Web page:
By Zachary Pyers, Esq. and Kenton Steele, Esq.

Workers have historically fallen into two categories: employees and independent contractors. In November 2020, California voters passed Proposition 22: a ballot initiative to create a third type of worker classification. It allows app-based rideshare and delivery drivers to nominally remain independent contractors but requires app-based delivery and rideshare companies to provide certain benefits that are traditionally only required for employees. These benefits include a minimum wage for hours worked, mileage subsidies, a health insurance stipend for drivers who work over fifteen hours per week, and payment for costs incurred from job-related injuries. However, unlike employees, app-based drivers are not eligible for the traditional workers’ compensation system and are restricted from collective bargaining. This statute may serve as a model for other states who are facing challenges with classifying app-based workers.

In February 2021, three California drivers and the Service Employees International Union filed a complaint against the State of California in the Alameda County Superior Court of California. In their complaint, the plaintiffs alleged that Proposition 22 was unconstitutional because it (1) intrudes on the Legislature’s exclusive authority to create workers’ compensation laws, (2) restricts the courts’ authority to interpret the Constitution, (3) limits the Legislature’s authority to enact legislation that would not constitute an amendment to Proposition 22, and (4) violates the single-subject rule for initiative statutes.

The Alameda County Superior Court agreed with the Plaintiffs’ first, third, and fourth arguments. In the ruling, the Superior Court held that Section 7451 of Proposition 22, declaring app-based drivers to be independent contractors, thereby removing them from the workers’ compensation system, usurps the Legislature’s power to determine which workers must be covered by workers’ compensation. This section is not severable from the remainder of the statute, so it rendered the entirety of Proposition 22 unenforceable. They also struck down Section 7465 subdivision (c)(4), which restricted collective bargaining as a violation of the single-subject rule for initiatives and re-defined an amendment, which violates the authority of the Legislature to enact legislation that does not constitute an amendment.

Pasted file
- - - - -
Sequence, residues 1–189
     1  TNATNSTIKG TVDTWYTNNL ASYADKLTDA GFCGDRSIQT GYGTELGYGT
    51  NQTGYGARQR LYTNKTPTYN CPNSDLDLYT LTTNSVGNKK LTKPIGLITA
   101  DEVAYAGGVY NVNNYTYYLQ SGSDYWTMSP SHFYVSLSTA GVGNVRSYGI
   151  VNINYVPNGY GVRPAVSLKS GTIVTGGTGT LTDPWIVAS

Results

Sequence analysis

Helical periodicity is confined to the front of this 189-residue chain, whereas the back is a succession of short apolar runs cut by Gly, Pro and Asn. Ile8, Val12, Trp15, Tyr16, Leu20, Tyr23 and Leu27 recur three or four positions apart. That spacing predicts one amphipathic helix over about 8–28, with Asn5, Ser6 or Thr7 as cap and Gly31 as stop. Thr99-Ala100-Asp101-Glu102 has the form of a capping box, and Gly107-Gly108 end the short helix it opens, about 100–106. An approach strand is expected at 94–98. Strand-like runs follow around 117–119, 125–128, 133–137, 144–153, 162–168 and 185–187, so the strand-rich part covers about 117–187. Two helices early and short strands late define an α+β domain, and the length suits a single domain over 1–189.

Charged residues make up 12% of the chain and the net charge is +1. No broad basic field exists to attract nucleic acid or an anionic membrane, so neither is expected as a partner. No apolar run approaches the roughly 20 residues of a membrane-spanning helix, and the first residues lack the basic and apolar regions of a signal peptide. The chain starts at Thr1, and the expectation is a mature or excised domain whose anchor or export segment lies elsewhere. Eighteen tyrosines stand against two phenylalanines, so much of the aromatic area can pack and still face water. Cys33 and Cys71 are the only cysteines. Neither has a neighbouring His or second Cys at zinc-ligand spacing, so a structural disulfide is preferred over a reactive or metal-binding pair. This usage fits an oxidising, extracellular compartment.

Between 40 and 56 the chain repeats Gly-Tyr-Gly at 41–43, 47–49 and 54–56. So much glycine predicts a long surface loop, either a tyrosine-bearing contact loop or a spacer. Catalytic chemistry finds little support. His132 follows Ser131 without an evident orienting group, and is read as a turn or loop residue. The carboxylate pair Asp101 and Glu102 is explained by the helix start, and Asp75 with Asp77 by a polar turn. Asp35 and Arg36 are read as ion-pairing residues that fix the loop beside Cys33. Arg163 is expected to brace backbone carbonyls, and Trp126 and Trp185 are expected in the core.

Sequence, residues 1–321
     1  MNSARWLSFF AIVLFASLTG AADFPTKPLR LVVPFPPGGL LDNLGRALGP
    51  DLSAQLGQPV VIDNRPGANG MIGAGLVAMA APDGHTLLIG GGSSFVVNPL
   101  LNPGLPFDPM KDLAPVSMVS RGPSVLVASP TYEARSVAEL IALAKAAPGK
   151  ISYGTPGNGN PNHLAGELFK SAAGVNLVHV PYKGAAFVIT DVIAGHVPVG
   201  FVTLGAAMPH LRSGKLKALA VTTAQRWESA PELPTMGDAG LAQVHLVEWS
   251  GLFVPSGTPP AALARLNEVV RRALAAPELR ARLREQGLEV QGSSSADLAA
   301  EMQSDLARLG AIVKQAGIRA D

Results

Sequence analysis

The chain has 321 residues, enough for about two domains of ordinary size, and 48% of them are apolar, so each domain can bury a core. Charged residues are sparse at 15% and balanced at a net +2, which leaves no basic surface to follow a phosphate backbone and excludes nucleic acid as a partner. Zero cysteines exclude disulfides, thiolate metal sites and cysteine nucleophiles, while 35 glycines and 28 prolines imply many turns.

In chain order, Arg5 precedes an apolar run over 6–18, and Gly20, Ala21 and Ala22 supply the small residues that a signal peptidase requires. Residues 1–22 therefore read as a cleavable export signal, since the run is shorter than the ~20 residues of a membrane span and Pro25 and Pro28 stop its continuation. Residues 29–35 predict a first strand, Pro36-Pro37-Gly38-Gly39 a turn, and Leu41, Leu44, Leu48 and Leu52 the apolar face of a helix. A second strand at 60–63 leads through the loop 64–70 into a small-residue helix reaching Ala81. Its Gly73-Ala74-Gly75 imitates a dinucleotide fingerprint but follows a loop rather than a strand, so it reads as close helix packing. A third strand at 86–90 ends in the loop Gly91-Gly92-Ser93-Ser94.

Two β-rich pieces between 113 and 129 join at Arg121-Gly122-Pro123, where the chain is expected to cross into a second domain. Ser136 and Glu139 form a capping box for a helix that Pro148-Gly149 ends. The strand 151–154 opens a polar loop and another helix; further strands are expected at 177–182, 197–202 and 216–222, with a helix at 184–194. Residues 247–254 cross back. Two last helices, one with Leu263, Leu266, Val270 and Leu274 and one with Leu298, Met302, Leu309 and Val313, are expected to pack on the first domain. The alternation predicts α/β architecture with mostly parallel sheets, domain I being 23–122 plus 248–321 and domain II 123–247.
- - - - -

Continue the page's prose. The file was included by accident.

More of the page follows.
In March 2023, the 1st District Court of Appeals of California upheld the majority of Proposition 22. The Appeals Court struck down the provisions of Proposition 22 that restricted collective bargaining and changed the definition of an amendment but upheld the rest of the statute. This decision reversed most of the lower court’s decision, which struck down Proposition 22 as unconstitutional and unenforceable.

In the Appeals Court opinion, the panel reversed the trial court’s decision on all four arguments. The Court held that the ballot initiative did not intrude on the Legislature’s authority to create workers’ compensation laws, limit the Legislature’s authority to enact legislation that would constitute an amendment, or violate the single-subject rule for initiative statutes. However, the Court did hold that Section 7465 subdivisions (c)(3) and (c)(4) violated the separation of powers because they intrude on the court’s ability to interpret the Constitution. Without these provisions, app-based delivery and rideshare drivers can collectively bargain, and the Legislature can pass additional regulations on app-based ridesharing and delivery companies.

While the plaintiffs will likely appeal this decision to the Supreme Court of California, this reversal could signal to other state legislatures that the binary model of employment classifications can be cast aside in favor of a new model that reflects the new employment landscape.

If you have any question regarding this decision or any employment issue, please contact one of Reminger’s Employment Law Liability Practice Group members.

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